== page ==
June 1st, 2020


The death of the shoe salesman is long overdue

 Virginia Postrel

By Virginia Postrel Bloomberg View

Published Dec. 11, 2017

Another storied occupation is on its way out and the replacement is neither robots nor foreign workers. We're witnessing the death of the shoe salesman.

Macy's earlier this year said it would convert more shoe departments to an "open sell" format, where customers serve themselves from stacks of boxes. J.C. Penney is experimenting with the format. It's the way sales have long worked at stores like DSW and TJX Co.'s Marshall's and T.J. Maxx.

From Victorian-era evangelist Dwight L. Moody to comedian Kevin Hart, selling shoes has been the original calling of many a sweet talker. Before World War II, it was a common and respectable middle-class job, as demonstrated by Depression-era news accounts of men fallen on hard times who'd previously drawn "a good salary" selling shoes.

Over time, however, popular culture has come to treat shoe salesmen as pitiable and comic. "If you ever have a choice between selling shoes to young ladies and giving birth to a porcupine that is on fire, look into that second, less painful opportunity," advised the late comedian Richard Jeni, who did a stint selling shoes when he was 17.

The combination of demanding customers, grotesque feet, and eagerness for commissions makes for the shared discomfort that often fuels humor. Its most famous representative is, of course, the put-upon misanthrope Al Bundy of the sitcom "Married ... with Children," with his corpulent clientele and thwarted sexual fantasies.

In fact, the job is an anachronism, a holdover from the long-gone days when most merchandise was kept away from customers. It hasn't even caught up with 20th-century norms, let alone 21st. Consider two department store shopping experiences.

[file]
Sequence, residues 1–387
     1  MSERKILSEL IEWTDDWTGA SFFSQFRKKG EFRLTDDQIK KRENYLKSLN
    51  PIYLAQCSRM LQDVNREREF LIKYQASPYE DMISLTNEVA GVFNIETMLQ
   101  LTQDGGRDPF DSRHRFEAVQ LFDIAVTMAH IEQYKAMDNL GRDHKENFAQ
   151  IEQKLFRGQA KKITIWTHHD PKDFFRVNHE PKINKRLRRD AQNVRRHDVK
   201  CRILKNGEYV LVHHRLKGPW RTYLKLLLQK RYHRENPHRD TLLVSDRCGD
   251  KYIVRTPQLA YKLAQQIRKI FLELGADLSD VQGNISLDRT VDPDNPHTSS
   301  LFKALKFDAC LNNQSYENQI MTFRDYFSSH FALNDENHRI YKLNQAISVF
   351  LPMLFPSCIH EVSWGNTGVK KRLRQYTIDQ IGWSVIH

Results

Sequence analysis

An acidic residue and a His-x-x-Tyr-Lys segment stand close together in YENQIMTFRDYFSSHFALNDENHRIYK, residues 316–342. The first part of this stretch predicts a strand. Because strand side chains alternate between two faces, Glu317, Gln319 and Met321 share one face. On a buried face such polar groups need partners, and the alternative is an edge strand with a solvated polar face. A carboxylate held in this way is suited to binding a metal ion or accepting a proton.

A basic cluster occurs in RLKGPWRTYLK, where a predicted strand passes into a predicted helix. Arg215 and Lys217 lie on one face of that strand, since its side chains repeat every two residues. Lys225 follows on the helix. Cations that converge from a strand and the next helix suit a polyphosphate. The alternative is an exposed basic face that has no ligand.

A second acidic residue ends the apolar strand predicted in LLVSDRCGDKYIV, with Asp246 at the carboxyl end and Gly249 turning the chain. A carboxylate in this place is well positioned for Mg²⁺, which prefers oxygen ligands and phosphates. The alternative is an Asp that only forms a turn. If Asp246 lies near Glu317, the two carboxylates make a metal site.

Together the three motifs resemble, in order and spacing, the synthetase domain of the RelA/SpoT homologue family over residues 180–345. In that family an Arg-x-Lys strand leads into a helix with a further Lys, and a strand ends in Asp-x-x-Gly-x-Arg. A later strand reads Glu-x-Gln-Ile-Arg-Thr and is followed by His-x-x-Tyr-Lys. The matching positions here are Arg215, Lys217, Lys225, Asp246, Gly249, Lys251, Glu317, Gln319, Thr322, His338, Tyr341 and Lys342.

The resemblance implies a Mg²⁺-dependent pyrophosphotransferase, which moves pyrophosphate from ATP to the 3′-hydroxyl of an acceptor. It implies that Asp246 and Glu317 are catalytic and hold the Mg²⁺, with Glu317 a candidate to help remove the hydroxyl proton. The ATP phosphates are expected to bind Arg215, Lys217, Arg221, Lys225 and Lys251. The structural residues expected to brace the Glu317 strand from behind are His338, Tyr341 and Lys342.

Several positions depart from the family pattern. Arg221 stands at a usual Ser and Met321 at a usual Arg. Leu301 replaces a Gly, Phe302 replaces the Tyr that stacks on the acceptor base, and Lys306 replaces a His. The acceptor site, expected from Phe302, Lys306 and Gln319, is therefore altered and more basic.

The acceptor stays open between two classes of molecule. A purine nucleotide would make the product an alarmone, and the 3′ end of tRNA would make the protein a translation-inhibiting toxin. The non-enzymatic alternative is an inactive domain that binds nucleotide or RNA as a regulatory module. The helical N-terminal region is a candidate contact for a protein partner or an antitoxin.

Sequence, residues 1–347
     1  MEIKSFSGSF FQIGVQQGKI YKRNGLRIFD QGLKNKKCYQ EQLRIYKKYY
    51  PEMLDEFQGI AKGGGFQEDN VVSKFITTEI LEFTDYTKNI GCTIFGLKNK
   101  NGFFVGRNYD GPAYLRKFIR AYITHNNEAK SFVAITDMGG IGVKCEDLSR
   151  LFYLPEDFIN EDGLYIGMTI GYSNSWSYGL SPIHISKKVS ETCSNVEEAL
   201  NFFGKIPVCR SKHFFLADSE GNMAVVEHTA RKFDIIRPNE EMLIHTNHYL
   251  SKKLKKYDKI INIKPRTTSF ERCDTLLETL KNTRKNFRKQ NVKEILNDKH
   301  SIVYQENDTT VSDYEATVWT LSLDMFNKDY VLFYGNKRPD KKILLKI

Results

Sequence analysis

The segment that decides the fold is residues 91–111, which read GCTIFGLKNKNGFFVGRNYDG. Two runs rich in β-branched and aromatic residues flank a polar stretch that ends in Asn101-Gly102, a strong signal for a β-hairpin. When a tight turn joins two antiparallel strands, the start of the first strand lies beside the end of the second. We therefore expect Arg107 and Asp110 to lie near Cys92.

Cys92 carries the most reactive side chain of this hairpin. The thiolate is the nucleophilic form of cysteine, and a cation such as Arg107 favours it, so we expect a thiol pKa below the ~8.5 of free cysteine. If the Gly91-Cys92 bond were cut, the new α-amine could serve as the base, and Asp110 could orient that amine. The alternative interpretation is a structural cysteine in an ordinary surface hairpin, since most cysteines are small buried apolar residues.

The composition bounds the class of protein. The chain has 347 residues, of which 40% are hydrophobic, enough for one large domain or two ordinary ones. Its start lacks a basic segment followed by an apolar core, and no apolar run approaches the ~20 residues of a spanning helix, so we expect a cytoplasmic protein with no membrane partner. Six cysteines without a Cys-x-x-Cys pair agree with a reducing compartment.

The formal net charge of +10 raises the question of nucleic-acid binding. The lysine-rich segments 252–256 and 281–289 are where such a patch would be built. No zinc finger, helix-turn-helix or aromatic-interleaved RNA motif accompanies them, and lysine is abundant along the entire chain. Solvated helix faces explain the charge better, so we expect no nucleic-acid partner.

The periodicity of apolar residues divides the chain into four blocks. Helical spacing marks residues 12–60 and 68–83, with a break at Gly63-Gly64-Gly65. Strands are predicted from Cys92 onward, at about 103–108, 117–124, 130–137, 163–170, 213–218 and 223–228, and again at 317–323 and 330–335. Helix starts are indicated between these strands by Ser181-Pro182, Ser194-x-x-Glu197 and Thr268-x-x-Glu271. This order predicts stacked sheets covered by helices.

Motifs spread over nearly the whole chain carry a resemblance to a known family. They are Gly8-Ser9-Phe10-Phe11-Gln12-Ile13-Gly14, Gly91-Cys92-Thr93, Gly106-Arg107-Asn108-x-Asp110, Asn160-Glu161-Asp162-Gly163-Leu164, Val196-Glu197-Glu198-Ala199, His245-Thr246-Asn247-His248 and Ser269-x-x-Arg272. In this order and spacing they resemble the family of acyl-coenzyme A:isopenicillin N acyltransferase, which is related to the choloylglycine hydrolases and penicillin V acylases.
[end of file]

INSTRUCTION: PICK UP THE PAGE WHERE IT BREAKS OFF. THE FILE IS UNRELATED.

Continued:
1) You're looking for some new trousers. You wander through the apparel department, flipping through the racks to find your size. You select a few pairs, and a sales associate asks if you'd like to start a fitting room.

You agree and continue looking, picking up another pair and a sweater that catches your eye. When you're ready, you try everything on, decide what to buy, and check out. The salesperson may help you find a size or suggest a matching shirt, but self-service is the rule.

2) You need new shoes. You start looking around and spot a promising pair. A sales associate swoops down and asks if you need help. You aren't really ready but worry about missing your chance, so you say yes, you'd like to see these in your size.

The associate disappears into the back room, while you continue to look and find a couple of pairs you like better. After what seems like an eternity -- How many blocks away is that warehouse? -- the associate re-emerges with the bad news: They don't have the first shoe in your size, but here's a different size, which doesn't fit, and another, similar shoe -- which you hate. You ask to see the models you found while waiting, and the process starts all over again.

No wonder so many shoe shoppers prefer online retailers with easy returns. Outside of specialized boutiques, the shoe salesman (or woman) isn't an amenity but an obstacle. Eliminating the position may give future comedians less material, but it promises to make customers happier.

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Virginia Postrel, a Bloomberg View columnist, writes about commerce and culture, innovation, economics, and public policy.




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